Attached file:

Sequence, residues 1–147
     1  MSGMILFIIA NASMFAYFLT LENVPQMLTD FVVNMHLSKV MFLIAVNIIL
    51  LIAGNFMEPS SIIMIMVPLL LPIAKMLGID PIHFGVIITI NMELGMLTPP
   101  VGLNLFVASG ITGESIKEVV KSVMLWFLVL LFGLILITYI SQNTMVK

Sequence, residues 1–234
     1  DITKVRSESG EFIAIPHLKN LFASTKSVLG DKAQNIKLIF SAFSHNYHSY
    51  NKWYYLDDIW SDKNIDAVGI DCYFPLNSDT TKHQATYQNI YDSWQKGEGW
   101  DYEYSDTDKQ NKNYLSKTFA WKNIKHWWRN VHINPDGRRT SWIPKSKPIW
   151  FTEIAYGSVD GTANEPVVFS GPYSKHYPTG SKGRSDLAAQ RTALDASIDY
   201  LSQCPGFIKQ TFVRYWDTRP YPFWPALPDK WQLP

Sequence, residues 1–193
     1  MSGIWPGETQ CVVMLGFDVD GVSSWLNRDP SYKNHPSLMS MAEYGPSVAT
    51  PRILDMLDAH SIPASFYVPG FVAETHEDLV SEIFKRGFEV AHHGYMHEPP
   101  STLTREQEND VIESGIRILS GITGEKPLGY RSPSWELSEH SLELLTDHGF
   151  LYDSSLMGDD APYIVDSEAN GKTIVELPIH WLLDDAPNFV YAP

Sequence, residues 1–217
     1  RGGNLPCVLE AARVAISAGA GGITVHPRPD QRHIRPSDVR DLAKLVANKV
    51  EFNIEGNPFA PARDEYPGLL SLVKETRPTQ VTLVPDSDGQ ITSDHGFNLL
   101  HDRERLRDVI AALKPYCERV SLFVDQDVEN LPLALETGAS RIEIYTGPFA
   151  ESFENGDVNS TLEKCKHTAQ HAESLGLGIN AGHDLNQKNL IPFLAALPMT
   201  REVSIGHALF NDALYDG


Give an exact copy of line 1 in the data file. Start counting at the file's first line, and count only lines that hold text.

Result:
Sequence, residues 1–147